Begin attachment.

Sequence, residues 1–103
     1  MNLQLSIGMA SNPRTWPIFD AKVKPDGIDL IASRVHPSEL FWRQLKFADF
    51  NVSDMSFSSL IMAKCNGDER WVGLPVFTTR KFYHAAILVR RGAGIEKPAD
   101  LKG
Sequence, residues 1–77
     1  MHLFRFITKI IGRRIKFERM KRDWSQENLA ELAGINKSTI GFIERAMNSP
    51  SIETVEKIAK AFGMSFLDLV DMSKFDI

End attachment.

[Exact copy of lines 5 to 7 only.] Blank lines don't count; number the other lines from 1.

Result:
Sequence, residues 1–77
     1  MHLFRFITKI IGRRIKFERM KRDWSQENLA ELAGINKSTI GFIERAMNSP
    51  SIETVEKIAK AFGMSFLDLV DMSKFDI